Spinach is a leafy member of the amaranth family (Amaranthaceae), which also includes Swiss chard and beets. Native to central and southwest Asia, spinach was a relative latecomer to Europe, arriving sometime during the Middle Ages. It gained popularity rapidly, and was particularly appreciated by the French and Italians.
No one knows when spinach was first cultivated in the United States, but by the early 1800s, seed catalogues offered three varieties, and spinach was an established part of the national cuisine.
Types of Spinach
Spinach is usually classified into three basic types: crinkly savoy spinach, smooth-leaf spinach, and semi-savoy spinach.
Just 1 cup of cooked spinach offers an impressive array of vitamins and minerals, including vitamin B2 (riboflavin), vitamin B6, folate, vitamin C, vitamin K, magnesium, manganese, and iron. Furthermore, spinach is exceptionally rich in the carotenoids beta carotene, lutein, and zeaxanthin, whose colors are masked by the abundant green pigment chlorophyll.
It’s important to note that the iron—and also calcium—in spinach cannot be completely used by the body because the vegetable also contains a compound called oxalic acid, which limits their absorption.
For a full listing of nutrients, see Spinach in the National Nutrient Database.
Spinach that’s not spinach
There are a number of vegetables in the market today masquerading under the name spinach. While some of these actually look like spinach, others have little resemblance. Moreover, all are members of different botanical families. Keep an eye out for these ringers:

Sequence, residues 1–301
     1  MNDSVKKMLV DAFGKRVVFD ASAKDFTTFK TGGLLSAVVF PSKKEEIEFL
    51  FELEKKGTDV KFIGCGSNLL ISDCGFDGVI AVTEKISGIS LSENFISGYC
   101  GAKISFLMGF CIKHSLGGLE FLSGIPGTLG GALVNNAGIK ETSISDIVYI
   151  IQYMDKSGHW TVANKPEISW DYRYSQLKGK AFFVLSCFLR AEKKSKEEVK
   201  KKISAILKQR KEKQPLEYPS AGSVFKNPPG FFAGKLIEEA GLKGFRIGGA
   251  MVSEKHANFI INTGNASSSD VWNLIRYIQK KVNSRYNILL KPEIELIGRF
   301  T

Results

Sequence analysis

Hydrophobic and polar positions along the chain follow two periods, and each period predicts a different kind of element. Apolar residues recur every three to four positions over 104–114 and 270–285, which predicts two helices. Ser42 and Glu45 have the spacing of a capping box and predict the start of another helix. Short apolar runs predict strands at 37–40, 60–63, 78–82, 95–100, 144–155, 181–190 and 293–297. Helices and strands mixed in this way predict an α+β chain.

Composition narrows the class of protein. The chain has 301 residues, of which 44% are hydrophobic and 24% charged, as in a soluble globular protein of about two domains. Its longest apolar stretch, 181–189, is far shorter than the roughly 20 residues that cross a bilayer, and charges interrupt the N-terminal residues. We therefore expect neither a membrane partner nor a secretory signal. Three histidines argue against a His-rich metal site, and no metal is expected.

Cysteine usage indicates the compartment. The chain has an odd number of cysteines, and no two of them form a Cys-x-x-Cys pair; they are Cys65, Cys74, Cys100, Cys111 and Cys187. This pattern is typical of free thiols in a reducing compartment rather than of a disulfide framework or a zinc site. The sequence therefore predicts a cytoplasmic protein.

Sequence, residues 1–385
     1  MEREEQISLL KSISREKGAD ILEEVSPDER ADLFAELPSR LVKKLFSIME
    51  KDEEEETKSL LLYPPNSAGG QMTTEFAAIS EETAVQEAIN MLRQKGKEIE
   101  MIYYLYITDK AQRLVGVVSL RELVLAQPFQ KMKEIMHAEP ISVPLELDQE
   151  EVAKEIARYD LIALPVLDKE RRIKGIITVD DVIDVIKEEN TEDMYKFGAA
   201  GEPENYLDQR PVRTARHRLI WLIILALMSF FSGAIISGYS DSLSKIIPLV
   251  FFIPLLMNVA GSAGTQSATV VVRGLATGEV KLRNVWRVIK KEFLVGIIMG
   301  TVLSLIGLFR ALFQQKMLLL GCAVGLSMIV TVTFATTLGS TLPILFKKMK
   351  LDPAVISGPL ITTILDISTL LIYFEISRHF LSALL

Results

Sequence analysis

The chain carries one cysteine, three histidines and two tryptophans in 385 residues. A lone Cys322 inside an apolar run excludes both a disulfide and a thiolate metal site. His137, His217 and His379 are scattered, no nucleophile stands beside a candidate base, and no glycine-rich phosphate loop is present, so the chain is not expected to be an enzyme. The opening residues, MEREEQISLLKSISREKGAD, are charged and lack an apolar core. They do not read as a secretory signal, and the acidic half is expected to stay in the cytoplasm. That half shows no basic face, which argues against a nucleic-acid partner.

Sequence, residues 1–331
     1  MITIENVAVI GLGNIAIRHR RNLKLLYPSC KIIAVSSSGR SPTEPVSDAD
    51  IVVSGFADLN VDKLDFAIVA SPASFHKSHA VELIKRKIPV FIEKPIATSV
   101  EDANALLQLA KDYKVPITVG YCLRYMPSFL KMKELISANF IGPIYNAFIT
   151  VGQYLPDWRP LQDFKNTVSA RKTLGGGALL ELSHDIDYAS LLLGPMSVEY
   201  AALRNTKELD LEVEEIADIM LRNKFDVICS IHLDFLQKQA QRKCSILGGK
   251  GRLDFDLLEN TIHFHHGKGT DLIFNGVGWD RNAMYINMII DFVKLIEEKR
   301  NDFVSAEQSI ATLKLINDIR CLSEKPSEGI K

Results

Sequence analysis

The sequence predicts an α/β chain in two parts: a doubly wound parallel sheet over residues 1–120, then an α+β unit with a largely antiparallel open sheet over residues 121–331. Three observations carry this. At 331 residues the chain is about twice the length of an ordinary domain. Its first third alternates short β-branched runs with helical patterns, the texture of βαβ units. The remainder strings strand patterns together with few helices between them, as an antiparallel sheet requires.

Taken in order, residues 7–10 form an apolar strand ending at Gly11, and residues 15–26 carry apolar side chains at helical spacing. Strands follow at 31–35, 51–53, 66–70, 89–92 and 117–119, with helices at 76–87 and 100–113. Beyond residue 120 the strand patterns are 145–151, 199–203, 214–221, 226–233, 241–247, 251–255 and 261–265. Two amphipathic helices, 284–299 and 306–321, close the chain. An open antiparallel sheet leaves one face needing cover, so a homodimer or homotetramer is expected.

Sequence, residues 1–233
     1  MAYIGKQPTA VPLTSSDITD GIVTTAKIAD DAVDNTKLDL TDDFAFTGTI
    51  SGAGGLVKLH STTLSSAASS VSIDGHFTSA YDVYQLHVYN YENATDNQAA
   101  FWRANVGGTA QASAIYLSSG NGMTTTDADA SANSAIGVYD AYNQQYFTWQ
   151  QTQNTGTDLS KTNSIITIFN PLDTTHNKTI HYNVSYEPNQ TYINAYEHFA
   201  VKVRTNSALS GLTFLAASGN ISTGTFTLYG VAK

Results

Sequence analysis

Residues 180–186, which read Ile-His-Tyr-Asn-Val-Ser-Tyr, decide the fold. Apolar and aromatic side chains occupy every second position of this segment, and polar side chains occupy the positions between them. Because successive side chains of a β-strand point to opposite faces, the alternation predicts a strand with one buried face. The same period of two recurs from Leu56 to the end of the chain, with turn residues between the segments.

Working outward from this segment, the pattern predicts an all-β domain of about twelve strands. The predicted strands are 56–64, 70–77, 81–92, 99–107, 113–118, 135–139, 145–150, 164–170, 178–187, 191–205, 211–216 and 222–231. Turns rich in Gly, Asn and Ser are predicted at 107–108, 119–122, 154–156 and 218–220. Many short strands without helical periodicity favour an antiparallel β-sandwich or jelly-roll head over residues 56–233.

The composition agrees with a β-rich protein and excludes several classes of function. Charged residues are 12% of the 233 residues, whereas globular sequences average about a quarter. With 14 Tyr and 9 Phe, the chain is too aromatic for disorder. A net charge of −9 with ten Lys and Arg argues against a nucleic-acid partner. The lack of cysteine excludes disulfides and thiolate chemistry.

- Chinese spinach (Indian spinach): This is just another name for amaranth leaves.
- Malabar spinach: While this green tastes like spinach, it’s from quite another family and grows as a vine.
- New Zealand spinach: This tender green has fleshy stems and leaves that resemble spinach, but a less astringent taste. Because it grows well in hot summer temperatures and with little watering, it is popular with home gardeners. Like spinach, New Zealand spinach contains oxalic acid, which makes its calcium and iron less available for absorption by the body.
- Water spinach (ong choy): This green vegetable looks like watercress and like that plant, thrives in a watery environment. It’s also called swamp spinach. A common ingredient in Chinese cooking and available in Chinese markets, it probably gets its English name from its mild spinach-like flavor.
11 Recipe Ideas for Spinach
Spinach has a rich, hearty flavor that is delicious either raw or cooked. And it's easy to work with, since both the stems and leaves are edible. Try these tips to add the tasty nutrition of spinach to your meals.
Published September 03, 2015